Samsung Galaxy phones vulnerable to remote wipe attack
Malicious hackers can hide a code in a web page that will trigger a full factory reset of Samsung’s best-selling Galaxy S3 smartphone, deleting contacts, photographs, music, apps and other valuable data, security researchers have discovered.
The code, now circulating freely online and comprising just 11 digits and symbols, was revealed at a computer security conference in Argentina.
Ravi Borgaonkar showed off the attack at the Ekoparty security conference, reports Slashgear. There he showed how a hacker could direct the user to a webpage where some malicious code could plunge them into a factory reset nightmare.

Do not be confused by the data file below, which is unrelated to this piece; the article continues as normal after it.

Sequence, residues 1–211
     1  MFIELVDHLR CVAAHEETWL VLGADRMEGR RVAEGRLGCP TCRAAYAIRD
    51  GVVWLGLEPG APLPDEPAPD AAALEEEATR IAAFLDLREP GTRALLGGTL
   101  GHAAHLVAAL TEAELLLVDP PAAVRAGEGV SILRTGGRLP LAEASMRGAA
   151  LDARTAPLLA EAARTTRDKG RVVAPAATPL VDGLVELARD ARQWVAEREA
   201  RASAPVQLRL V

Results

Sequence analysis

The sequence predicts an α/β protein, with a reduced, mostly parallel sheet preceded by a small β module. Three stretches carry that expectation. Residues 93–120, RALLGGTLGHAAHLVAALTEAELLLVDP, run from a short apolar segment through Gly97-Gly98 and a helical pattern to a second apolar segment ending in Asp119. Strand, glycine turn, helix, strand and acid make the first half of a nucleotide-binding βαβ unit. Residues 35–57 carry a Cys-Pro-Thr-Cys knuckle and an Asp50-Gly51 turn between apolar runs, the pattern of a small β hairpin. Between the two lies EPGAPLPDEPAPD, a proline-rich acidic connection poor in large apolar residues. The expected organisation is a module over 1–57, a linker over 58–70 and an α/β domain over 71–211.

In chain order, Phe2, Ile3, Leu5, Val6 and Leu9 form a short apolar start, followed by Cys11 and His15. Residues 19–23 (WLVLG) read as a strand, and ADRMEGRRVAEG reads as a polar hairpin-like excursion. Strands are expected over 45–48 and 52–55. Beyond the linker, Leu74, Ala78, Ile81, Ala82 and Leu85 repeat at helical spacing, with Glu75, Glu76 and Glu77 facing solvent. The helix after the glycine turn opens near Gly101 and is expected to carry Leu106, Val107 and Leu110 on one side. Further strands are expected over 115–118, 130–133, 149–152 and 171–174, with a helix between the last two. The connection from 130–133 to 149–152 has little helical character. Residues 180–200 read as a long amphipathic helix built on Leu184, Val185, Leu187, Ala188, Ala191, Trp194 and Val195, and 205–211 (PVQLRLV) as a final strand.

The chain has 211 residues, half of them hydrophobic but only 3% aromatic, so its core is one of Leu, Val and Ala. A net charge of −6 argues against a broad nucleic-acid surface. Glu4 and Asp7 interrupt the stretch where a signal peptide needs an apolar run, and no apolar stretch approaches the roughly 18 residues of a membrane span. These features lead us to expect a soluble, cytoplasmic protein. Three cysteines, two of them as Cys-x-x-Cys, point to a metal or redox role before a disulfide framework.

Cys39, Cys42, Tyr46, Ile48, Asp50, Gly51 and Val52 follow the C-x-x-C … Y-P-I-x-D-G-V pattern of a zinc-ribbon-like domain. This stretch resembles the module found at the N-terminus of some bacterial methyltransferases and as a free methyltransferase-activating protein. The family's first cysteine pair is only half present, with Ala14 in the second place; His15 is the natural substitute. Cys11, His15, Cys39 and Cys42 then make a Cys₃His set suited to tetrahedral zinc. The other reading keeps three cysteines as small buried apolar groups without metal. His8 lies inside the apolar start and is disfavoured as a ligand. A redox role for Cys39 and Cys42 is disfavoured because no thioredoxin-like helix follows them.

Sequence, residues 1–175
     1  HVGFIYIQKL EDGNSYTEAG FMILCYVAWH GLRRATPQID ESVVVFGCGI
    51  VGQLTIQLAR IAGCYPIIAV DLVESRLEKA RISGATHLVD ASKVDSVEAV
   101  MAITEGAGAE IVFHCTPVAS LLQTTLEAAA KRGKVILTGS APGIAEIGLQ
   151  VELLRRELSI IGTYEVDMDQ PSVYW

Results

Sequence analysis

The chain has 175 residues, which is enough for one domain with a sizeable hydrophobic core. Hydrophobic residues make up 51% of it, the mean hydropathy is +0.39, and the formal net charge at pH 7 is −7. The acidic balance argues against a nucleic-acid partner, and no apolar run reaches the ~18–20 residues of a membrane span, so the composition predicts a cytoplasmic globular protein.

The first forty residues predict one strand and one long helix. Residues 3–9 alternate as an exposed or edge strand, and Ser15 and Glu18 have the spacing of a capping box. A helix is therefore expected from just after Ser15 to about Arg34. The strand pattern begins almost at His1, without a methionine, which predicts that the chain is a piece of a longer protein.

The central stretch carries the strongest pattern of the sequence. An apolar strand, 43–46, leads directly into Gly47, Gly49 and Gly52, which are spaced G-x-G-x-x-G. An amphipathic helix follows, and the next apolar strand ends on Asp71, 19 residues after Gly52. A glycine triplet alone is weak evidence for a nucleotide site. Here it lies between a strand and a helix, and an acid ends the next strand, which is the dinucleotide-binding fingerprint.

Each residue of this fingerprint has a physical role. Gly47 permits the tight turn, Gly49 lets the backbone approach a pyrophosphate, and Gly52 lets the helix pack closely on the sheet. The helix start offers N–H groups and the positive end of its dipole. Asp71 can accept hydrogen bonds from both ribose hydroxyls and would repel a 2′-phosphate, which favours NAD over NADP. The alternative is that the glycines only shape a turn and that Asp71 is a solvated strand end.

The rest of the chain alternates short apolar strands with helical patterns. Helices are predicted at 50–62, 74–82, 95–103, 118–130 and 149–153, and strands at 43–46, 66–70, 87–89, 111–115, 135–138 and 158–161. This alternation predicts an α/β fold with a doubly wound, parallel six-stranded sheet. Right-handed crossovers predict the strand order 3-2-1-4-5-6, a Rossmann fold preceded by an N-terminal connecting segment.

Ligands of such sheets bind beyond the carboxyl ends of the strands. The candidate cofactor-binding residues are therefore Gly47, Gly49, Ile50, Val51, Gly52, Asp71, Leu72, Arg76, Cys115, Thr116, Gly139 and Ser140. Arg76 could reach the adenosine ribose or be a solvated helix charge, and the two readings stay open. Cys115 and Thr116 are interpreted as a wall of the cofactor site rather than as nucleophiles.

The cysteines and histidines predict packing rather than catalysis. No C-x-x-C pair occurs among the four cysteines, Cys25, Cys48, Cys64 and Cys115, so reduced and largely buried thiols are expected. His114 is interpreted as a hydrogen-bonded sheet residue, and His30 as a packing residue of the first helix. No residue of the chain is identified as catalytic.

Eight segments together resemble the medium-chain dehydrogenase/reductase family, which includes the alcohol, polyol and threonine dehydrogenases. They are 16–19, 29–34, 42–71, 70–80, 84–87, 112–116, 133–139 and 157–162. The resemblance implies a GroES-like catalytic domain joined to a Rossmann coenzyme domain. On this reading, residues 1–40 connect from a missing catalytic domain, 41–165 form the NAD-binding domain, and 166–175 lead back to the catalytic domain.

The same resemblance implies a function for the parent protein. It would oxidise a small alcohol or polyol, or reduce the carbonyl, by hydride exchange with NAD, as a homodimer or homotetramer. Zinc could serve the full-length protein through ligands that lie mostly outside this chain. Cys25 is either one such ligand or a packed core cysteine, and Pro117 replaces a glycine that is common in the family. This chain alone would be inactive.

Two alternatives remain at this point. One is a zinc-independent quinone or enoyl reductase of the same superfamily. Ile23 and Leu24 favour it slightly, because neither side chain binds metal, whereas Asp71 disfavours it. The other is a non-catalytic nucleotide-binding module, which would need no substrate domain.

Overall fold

Borgaonkar’s talk, Dirty use of USSD Codes in Cellular Network, showed how the Unstructured Supplementary Service Data (USSD) protocol, which is commonly used, can be exploited by attackers.
Frustratingly, users can see the reset process kicking in but neither hitting back nor any other command will stop it. Apparently the code can also be used to destroy the SIM card too.
Although there’s no evidence that anyone is using this powerful line of code to mess with people’s Samsung phones (yet), the level of attention in the tech media means that some nefarious types may start.